Last Updated on May 7, 2015, by eNotes Editorial. Word Count: 1488
George Crabbe was a writer of provincial background who made good in the capital by using his provincial material. His initial success in London with The Library, published in 1781, made it possible for the son of a fisherman and petty customs officer to enter the Church in 1782 and be given a respectable living as an Anglican clergyman. For a time he gave up poetry after publishing The News-Paper in 1785. His next publication, Poems, was not until 1807. In the decades between his two periods of composition, much changed in English poetry; Crabbe’s continuation of his original style and matter makes it difficult to place him in the Romantic period.
He was really the last and best representative of the host of adventuring, provincial poetasters who flocked to London to make their fortunes in the eighteenth century—these included Thomas Chatterton, Oliver Goldsmith, David Mallet, and Samuel Johnson, to name but a few. This is to repeat a truism in Crabbe criticism—that Aldeburgh, where he was born, is all his material—but it also places Crabbe in literary history, shows his strength, and perhaps accounts for his durability. The most obvious manifestation of that is the initiation of the Aldeburgh Festival and Benjamin Britten’s opera Peter Grimes (1945), derived from letter 22 of The Borough.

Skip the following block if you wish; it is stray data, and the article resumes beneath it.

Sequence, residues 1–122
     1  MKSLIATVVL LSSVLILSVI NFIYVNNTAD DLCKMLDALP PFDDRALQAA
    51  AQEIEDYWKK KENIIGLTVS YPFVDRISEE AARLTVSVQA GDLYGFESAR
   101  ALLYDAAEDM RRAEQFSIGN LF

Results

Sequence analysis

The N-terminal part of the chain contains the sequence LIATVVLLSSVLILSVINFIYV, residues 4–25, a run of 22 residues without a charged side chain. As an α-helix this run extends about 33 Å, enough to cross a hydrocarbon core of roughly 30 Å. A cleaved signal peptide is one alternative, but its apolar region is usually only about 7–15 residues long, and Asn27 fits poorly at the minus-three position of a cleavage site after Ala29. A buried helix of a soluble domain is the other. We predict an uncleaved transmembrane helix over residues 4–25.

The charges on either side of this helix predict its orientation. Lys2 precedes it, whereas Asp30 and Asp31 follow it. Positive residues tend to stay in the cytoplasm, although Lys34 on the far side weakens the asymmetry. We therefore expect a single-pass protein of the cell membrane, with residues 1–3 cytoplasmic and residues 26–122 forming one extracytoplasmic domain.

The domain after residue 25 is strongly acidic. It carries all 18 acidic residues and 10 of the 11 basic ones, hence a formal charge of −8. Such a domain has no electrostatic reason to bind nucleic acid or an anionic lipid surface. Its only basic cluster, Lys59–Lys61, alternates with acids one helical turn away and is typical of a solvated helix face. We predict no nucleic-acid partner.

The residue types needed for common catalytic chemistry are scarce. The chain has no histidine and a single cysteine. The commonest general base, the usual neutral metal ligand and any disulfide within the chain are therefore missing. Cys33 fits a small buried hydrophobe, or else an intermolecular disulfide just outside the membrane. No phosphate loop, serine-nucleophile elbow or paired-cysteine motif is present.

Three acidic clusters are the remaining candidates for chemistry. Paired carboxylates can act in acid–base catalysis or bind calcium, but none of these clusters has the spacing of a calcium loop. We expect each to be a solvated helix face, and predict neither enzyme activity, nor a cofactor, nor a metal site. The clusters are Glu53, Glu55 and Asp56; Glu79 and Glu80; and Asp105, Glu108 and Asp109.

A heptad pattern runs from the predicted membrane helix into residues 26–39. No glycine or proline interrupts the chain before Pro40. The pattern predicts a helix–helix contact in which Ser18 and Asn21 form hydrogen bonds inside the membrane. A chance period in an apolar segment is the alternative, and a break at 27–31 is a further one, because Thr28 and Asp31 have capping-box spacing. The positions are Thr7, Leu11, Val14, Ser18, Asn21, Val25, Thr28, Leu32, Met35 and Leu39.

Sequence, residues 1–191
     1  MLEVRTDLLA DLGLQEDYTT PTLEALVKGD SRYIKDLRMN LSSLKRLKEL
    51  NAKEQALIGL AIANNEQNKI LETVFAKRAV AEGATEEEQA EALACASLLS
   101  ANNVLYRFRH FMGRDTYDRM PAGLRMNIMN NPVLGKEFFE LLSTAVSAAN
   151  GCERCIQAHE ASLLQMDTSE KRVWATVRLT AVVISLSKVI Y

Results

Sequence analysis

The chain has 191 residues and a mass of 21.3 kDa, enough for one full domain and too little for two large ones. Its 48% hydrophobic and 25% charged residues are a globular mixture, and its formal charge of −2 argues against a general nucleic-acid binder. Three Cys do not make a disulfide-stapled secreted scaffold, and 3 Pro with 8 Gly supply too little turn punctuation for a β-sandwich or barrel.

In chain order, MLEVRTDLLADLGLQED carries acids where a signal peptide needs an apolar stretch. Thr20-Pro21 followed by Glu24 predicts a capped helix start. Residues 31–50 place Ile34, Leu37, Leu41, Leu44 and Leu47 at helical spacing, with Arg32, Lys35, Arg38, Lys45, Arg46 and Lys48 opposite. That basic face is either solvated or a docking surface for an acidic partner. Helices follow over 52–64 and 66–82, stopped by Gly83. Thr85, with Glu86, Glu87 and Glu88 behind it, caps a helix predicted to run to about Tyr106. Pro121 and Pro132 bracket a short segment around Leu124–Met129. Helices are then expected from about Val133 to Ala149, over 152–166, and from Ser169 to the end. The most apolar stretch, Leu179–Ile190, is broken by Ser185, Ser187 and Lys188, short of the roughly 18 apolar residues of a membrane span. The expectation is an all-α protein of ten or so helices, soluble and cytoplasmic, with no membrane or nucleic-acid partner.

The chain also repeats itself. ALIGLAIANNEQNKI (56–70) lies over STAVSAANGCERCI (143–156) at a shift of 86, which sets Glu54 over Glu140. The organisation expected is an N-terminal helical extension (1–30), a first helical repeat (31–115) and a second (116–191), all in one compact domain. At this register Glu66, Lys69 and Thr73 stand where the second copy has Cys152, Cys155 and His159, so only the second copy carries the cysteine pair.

The Village, published in 1783, and The Borough contain and are contained by a seaside community in which the folk are at the mercy of the elements, their only salvation against bad times being native prudence. In their world, no help comes from the outside, only temptation and danger. Despite his absence from Aldeburgh after the age of twenty-six, Crabbe was unable to forget youthful privation and misery by adopting a tourist’s attitude to provincial society and nature, an increasingly common mid-Victorian attitude of which Balmoral is the symbol. Few of his heroes and heroines have private incomes, and if caught in a storm at sea they are more likely to perish than to find themselves washed up on the sand.